While material is thus abundant-inexhaustible-power equal to it may be found as near. Coal exists in vast deposits in the mountains forty miles northwest, and may be obtained also in ships or by car-loads from a dozen other points. But the great source of power is the Fall of the Willamette at Oregon City, twelve miles south. This is one half greater in energy than the fall of St. Anthony, in the Mississippi, at Minneapolis. It is forty feet high at low water of the Columbia, and is six hundred feet across and never ice bound. Streams might be led out from above this fall and conducted in flumes along the hillsides to Portland, and there be made to energize machinery. But it is now a more popular method to reduce this power by means of dynamos, to electricity, and convey it upon wires direct to the machine rooms in the factories at Portland. The loss is found to be but eighteen per cent.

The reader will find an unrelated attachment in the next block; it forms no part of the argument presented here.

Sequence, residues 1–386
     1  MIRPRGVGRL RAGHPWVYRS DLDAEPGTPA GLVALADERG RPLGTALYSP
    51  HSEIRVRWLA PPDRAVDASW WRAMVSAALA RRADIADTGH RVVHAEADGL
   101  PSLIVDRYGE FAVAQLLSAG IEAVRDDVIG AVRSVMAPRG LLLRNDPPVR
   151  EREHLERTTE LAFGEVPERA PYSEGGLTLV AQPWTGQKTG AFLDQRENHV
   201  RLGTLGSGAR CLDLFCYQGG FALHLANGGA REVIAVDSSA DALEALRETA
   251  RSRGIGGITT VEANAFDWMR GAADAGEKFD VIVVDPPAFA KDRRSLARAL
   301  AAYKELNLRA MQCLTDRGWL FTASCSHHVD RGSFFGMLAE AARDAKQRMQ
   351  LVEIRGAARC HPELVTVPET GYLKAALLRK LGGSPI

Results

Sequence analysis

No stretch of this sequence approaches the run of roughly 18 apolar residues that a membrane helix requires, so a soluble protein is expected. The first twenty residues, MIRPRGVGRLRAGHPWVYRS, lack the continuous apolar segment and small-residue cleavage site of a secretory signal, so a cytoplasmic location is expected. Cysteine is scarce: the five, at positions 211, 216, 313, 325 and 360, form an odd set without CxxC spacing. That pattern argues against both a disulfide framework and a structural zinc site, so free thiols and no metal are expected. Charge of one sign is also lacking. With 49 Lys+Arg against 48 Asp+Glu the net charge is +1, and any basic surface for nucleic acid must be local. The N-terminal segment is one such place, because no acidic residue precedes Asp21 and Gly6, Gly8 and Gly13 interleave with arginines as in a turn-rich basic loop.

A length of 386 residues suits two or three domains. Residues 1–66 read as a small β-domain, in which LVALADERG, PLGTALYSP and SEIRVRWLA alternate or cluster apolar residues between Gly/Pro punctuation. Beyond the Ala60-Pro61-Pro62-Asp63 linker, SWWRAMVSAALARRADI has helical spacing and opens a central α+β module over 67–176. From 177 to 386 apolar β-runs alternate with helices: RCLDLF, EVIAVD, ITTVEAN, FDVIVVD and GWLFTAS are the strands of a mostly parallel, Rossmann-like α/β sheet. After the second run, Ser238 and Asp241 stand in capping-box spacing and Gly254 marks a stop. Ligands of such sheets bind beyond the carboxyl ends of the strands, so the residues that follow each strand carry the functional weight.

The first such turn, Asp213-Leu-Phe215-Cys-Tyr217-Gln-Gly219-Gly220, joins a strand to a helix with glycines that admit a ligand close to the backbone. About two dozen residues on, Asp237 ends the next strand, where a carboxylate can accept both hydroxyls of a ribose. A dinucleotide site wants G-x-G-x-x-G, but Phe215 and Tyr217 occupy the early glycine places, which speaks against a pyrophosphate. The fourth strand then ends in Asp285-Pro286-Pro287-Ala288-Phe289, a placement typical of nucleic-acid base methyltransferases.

As if this fall of the Willamette were not enough-sufficient to drive the looms of Manchester-there are sixty miles distant the Cascades of the Columbia, of one hundred times greater strength-practically unlimited and infinite. At this point the Columbia falls thirty feet in less than three miles, with a volume varying according to the season from ten million to seventy million cubic feet per minute -quite equal to that of the Mississippi at its mouth. There is no place in the world were there is such an aggregate of water power on tide water, as at Portland, obtaining its supply from these two cataracts. Power for manufacturing, like raw material, is found here existing to an extent beyond all calculation. It only remains to put the two together to do the manufacturing of the world. Of course means of exit and transport of the manufactured articles are as good as the means of bringing in the raw materials.